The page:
Not gonna lie. When I am staying with my mom, she works me like a dog.
Wait. If Ranger's life is any indication, dogs live a life of utter leisure. Better pick another metaphor.
Let's say she keeps me as busy as a bee in a field full of clover. For example, every evening, Mom gives me marching orders and critiques my progress as I am:
Cooking her dinner,
Preparing her plate,
Pouring her milk,
Buttering her bread,
Clearing her plate,
Washing the dishes,
Cleaning the kitchen,
Taking out the trash.
There often seems to be no end to the directions and demands, and last night, as I dragged four heavy bags of garbage out of the garage and into a rainy drizzle, I felt like I was twelve years old again. In wordless resentment, I recalled the frustration of feeling out of control, of forcing myself to unwillingly submit to a bossy parent, of knowing that my life didn't truly belong to me yet. I dreamed, in those days, of all the things I hoped to someday become - college graduate, homeowner, wife, mother, adventurer, and all-around satisfied human being. I had no desire to help my mom with her life; I craved my own life.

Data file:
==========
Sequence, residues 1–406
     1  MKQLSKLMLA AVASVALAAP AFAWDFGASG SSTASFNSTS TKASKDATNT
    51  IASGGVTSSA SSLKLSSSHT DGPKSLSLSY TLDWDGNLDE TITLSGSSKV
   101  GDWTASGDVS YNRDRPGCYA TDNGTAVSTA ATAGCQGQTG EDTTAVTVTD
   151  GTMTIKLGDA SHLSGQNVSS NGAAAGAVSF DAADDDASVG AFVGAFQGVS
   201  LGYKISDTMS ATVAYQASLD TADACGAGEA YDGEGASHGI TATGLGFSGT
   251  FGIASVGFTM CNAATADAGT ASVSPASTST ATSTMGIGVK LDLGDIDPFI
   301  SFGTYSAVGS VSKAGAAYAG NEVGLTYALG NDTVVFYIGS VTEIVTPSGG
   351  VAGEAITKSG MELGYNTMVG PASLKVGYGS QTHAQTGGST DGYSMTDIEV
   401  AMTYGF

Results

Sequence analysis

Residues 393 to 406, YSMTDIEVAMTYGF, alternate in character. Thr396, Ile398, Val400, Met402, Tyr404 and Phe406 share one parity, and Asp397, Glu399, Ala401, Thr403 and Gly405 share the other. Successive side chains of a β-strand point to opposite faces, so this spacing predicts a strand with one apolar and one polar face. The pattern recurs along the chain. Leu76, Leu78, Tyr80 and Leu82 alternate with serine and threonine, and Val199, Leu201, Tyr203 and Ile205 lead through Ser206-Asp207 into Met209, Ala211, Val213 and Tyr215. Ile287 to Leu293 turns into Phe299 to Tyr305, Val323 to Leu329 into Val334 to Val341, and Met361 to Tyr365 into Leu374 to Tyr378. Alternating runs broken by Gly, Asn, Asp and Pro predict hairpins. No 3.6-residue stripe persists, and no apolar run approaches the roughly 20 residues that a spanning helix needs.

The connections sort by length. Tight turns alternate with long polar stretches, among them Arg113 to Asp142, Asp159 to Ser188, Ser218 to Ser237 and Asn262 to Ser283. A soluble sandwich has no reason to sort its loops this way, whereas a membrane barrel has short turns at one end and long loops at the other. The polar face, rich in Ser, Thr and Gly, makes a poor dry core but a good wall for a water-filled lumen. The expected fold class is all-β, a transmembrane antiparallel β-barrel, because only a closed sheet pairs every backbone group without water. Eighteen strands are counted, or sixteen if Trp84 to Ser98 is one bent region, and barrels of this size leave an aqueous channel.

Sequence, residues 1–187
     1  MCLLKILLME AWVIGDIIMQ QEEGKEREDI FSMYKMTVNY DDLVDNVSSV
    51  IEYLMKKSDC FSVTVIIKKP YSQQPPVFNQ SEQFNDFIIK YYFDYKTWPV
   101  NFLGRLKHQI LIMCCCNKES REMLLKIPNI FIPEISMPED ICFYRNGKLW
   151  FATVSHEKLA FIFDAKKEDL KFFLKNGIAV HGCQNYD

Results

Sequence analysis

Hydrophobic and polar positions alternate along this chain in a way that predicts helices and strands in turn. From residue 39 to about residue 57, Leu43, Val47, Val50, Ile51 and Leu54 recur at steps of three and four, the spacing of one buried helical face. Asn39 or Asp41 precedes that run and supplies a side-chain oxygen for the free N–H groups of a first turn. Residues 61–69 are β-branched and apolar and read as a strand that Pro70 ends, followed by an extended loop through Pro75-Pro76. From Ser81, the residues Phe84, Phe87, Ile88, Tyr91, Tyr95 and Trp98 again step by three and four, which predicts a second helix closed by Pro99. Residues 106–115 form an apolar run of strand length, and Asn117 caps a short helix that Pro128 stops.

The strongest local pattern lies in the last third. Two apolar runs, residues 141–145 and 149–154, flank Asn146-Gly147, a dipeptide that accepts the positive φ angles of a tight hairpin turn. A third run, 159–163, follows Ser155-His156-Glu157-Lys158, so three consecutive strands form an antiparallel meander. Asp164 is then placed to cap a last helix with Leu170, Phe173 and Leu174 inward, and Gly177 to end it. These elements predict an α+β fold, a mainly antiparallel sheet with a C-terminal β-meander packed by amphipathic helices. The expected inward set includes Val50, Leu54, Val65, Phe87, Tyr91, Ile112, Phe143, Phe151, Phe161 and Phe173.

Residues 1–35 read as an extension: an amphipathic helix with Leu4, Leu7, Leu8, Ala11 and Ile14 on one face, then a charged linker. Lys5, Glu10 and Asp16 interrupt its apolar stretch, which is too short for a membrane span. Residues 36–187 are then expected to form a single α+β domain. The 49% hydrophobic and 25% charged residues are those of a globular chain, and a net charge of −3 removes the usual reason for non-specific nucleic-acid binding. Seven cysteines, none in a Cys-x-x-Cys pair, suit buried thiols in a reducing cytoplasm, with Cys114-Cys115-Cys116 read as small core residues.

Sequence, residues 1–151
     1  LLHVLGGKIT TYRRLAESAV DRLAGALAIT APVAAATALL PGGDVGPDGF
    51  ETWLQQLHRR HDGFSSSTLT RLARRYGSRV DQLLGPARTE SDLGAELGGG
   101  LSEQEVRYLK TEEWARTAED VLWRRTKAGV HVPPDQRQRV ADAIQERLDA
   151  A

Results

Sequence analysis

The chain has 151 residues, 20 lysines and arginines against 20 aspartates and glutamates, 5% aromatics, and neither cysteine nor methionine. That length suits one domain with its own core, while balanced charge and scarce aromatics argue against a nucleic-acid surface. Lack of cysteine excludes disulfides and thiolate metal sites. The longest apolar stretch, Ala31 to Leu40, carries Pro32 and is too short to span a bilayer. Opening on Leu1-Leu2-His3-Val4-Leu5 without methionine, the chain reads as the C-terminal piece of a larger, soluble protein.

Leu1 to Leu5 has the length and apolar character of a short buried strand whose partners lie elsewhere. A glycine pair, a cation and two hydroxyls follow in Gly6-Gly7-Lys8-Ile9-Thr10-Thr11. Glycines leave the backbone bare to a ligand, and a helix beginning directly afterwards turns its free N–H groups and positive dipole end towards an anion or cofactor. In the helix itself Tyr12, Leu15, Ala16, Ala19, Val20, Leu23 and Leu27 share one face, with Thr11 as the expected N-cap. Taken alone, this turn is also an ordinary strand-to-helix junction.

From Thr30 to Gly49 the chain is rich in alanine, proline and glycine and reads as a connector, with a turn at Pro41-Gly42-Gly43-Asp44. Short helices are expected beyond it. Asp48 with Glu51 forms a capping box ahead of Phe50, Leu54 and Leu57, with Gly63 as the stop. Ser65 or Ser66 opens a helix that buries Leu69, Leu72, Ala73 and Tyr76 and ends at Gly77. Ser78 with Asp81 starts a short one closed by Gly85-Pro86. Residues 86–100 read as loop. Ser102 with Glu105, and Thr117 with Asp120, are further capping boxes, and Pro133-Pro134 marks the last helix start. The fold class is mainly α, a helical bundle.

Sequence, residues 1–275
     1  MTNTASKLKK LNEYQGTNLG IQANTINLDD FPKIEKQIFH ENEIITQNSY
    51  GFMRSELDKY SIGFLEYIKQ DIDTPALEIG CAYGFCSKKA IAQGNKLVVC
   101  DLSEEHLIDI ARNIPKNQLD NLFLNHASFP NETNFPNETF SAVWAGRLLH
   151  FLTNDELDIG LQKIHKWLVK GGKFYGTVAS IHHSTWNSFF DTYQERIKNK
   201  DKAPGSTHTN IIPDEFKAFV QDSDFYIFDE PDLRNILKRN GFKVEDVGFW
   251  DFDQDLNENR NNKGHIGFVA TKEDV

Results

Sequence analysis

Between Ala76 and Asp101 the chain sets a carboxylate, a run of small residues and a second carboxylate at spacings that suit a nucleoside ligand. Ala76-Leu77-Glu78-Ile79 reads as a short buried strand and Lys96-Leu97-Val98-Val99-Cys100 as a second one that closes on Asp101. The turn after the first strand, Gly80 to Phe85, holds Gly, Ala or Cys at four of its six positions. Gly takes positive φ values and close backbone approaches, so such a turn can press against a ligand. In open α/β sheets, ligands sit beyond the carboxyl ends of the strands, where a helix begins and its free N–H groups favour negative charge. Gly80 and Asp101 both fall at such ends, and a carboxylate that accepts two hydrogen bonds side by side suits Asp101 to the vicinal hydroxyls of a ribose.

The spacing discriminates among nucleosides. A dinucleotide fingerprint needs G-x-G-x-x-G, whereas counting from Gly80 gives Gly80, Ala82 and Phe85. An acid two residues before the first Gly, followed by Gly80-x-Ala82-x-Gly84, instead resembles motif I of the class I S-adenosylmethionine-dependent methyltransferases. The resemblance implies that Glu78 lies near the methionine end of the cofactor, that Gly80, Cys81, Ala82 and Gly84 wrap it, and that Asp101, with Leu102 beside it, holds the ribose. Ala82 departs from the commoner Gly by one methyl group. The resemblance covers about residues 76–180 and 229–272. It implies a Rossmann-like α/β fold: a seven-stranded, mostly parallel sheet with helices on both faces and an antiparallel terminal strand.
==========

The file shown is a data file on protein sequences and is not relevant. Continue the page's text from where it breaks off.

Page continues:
The rain pitter-pattered on my back as I double-checked the knot on each wet bag and carefully piled them in a big black heap by the street. Upon completing my task, I straightened up and saw this.
Holy moly, what a sunset! Though rainclouds filled the sky overhead, off to the west, the gloom thinned and the setting sun brought the distant horizon alive with color. As I paused to admire the scene, a series of thoughts flashed through my mind
West. The sun sets in the west.
When I was a girl, "out west" was a magical idea. During my childhood years, I never got any further than Colorado, but the west represented an unknown, untamed frontier of unimaginable adventure, and a land of unlimited possibility. This vague notion of a place filled me with dreams.
Now, the west is my home. On the far edge of this continent, all my girlhood dreams for the future have come true. Granted, I graduated college and got married here in Great Lakes country, but most of my adult life has happened in the west.
My four daughters were born and raised in the west.
I found my dream house in the west, and made it into a home.
My amazing students and awesome friends share my life in the west.
My adventures around the world always lead me back to the west.
The west represents the life I have made for myself, a life that makes me happy and proud and satisfied indeed.
Suddenly, the weight of those childish resentments flew off my shoulders and as the raindrops fell lightly against my face, I saw my mom's demands in a whole new light.
So you know what I did? I marched back into the house, and asked my mom what else I could do. Because now that I have my own life, I am perfectly happy to help out with hers.